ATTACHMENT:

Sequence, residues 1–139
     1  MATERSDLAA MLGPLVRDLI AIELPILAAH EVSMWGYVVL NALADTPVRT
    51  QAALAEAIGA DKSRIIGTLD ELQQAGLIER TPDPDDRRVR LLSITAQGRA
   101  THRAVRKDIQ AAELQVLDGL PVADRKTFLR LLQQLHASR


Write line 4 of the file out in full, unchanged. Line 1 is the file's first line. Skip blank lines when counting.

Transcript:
   101  THRAVRKDIQ AAELQVLDGL PVADRKTFLR LLQQLHASR